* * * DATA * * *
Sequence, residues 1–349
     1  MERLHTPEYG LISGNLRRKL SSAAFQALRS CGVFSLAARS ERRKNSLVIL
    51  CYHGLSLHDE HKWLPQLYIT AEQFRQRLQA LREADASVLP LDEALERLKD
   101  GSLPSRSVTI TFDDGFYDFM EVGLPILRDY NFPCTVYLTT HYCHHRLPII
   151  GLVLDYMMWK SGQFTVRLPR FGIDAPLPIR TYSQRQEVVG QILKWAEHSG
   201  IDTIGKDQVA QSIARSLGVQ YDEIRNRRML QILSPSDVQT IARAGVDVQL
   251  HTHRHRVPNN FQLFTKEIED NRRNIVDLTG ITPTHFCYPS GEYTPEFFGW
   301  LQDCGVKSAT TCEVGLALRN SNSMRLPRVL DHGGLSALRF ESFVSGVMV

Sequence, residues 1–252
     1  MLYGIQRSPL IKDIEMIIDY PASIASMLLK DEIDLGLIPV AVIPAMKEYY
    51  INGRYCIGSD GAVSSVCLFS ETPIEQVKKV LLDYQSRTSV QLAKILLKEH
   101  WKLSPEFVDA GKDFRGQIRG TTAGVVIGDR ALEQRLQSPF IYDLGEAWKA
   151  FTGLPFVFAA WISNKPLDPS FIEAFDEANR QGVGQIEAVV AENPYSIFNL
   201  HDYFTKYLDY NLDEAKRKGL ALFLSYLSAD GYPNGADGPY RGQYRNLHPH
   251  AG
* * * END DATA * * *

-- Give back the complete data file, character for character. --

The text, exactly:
Sequence, residues 1–349
     1  MERLHTPEYG LISGNLRRKL SSAAFQALRS CGVFSLAARS ERRKNSLVIL
    51  CYHGLSLHDE HKWLPQLYIT AEQFRQRLQA LREADASVLP LDEALERLKD
   101  GSLPSRSVTI TFDDGFYDFM EVGLPILRDY NFPCTVYLTT HYCHHRLPII
   151  GLVLDYMMWK SGQFTVRLPR FGIDAPLPIR TYSQRQEVVG QILKWAEHSG
   201  IDTIGKDQVA QSIARSLGVQ YDEIRNRRML QILSPSDVQT IARAGVDVQL
   251  HTHRHRVPNN FQLFTKEIED NRRNIVDLTG ITPTHFCYPS GEYTPEFFGW
   301  LQDCGVKSAT TCEVGLALRN SNSMRLPRVL DHGGLSALRF ESFVSGVMV

Sequence, residues 1–252
     1  MLYGIQRSPL IKDIEMIIDY PASIASMLLK DEIDLGLIPV AVIPAMKEYY
    51  INGRYCIGSD GAVSSVCLFS ETPIEQVKKV LLDYQSRTSV QLAKILLKEH
   101  WKLSPEFVDA GKDFRGQIRG TTAGVVIGDR ALEQRLQSPF IYDLGEAWKA
   151  FTGLPFVFAA WISNKPLDPS FIEAFDEANR QGVGQIEAVV AENPYSIFNL
   201  HDYFTKYLDY NLDEAKRKGL ALFLSYLSAD GYPNGADGPY RGQYRNLHPH
   251  AG